In 1897, a steamship docked in Seattle carrying what newspapers said was “a ton of gold” discovered in the Yukon Territory, a rugged region near the border of Alaska. The country contracted gold fever. Tens of thousands of people rushed to Seattle, the American city closest to the gold fields and the departure point for the steamships to Alaska.

Faced with flood of ill-equipped, gold-crazed prospectors, Canada’s North-West Mounted Police ruled that any prospector without at least a ton of provisions would be turned back. Seattle took out ads nationwide touting itself as the “Gateway to the Gold Fields” and merchants piled the sidewalks with the woolen blankets, boots, shovels and dried food prospectors needed.

The gold hunters eventually returned to Seattle (most of them poorer than when they departed). Some stayed. In 1890, the city’s population was 43,000. By 1900, it was nearly twice that and it reached 237,000 by 1910.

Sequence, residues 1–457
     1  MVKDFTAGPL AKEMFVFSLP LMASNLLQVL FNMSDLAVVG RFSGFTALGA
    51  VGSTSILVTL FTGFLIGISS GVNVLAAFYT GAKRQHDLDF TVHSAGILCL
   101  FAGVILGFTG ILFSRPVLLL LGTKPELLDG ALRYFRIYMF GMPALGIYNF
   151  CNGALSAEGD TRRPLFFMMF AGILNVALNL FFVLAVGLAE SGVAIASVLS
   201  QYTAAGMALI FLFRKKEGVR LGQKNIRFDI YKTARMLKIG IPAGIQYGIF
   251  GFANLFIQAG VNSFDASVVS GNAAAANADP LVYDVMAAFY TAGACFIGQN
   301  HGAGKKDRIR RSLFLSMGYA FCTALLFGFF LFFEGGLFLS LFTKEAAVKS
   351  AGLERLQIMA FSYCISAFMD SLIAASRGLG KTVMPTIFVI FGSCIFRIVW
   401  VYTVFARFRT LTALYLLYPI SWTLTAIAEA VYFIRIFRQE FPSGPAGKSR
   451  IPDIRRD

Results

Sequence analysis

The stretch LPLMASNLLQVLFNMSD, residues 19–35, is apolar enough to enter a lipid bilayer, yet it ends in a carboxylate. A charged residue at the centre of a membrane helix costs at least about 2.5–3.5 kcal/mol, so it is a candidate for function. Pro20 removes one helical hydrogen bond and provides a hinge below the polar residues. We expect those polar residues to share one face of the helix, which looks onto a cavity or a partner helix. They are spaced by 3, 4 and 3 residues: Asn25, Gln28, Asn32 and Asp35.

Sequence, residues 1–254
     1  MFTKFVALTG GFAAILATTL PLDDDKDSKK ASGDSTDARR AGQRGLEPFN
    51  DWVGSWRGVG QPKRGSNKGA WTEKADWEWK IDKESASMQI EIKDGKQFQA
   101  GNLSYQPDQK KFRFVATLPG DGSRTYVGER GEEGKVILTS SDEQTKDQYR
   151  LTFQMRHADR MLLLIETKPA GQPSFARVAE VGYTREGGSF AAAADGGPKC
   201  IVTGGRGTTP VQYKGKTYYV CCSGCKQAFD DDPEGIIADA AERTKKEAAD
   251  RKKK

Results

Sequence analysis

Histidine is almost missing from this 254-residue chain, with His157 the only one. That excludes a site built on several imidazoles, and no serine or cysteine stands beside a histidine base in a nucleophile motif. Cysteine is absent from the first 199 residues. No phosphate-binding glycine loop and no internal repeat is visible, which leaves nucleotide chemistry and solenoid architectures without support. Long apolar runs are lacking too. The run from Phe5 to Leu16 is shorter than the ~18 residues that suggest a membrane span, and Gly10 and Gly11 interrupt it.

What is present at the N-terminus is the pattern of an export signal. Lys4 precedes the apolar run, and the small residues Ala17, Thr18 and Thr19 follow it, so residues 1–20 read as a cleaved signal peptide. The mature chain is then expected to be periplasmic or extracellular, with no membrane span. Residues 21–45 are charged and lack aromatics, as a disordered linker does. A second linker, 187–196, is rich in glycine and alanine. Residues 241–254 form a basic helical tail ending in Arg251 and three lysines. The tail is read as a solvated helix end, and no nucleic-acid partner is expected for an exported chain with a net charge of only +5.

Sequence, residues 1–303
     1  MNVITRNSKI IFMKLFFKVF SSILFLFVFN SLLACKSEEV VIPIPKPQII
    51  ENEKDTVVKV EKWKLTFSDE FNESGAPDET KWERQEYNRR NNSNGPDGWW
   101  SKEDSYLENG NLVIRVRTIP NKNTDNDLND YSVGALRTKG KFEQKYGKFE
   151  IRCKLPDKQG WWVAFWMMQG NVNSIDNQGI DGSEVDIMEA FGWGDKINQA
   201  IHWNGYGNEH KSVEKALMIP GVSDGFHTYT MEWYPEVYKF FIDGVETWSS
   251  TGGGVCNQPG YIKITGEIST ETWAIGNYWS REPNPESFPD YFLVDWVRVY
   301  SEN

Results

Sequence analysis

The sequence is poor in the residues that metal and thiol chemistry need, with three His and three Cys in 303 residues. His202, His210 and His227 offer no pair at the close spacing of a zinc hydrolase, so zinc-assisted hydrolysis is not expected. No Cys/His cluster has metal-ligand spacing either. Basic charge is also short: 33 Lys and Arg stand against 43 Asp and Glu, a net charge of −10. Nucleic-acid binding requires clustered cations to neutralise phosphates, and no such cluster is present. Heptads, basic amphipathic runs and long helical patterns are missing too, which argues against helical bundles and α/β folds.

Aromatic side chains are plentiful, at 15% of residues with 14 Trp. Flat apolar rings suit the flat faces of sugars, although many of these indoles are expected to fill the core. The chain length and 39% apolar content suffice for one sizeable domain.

One of those returned prospectors was Swedish immigrant John W. Nordstrom who, in 1901, used $13,000 in gold earnings to open a shoe store. That shop, of course, grew into one of the largest and most-respected department store chains in the country. Another Seattle store that opened in 1890, Bon Marche, became a regional chain before being absorbed by Federated Stores.

Seattle’s geography helped in other ways as well. With no other large cities nearby, retailers such as Nordstrom, Bon Marche and Costco were able to grow with relatively little competition in the regional market.